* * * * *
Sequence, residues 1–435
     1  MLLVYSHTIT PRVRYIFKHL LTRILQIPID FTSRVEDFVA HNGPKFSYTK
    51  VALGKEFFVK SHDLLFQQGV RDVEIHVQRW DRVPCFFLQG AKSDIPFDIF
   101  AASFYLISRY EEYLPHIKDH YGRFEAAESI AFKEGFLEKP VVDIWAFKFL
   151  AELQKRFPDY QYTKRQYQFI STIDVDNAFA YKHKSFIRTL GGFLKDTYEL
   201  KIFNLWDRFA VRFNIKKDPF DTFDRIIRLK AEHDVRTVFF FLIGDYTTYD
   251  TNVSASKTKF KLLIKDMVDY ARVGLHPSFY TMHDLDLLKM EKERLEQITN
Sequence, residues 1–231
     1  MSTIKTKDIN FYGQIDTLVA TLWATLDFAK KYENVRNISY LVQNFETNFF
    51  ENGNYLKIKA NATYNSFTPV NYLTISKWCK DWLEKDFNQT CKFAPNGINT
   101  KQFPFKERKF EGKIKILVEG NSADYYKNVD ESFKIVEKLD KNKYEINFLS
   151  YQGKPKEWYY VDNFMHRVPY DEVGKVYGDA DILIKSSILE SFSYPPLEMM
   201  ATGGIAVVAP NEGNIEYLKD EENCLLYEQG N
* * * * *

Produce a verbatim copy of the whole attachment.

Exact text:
Sequence, residues 1–435
     1  MLLVYSHTIT PRVRYIFKHL LTRILQIPID FTSRVEDFVA HNGPKFSYTK
    51  VALGKEFFVK SHDLLFQQGV RDVEIHVQRW DRVPCFFLQG AKSDIPFDIF
   101  AASFYLISRY EEYLPHIKDH YGRFEAAESI AFKEGFLEKP VVDIWAFKFL
   151  AELQKRFPDY QYTKRQYQFI STIDVDNAFA YKHKSFIRTL GGFLKDTYEL
   201  KIFNLWDRFA VRFNIKKDPF DTFDRIIRLK AEHDVRTVFF FLIGDYTTYD
   251  TNVSASKTKF KLLIKDMVDY ARVGLHPSFY TMHDLDLLKM EKERLEQITN
Sequence, residues 1–231
     1  MSTIKTKDIN FYGQIDTLVA TLWATLDFAK KYENVRNISY LVQNFETNFF
    51  ENGNYLKIKA NATYNSFTPV NYLTISKWCK DWLEKDFNQT CKFAPNGINT
   101  KQFPFKERKF EGKIKILVEG NSADYYKNVD ESFKIVEKLD KNKYEINFLS
   151  YQGKPKEWYY VDNFMHRVPY DEVGKVYGDA DILIKSSILE SFSYPPLEMM
   201  ATGGIAVVAP NEGNIEYLKD EENCLLYEQG N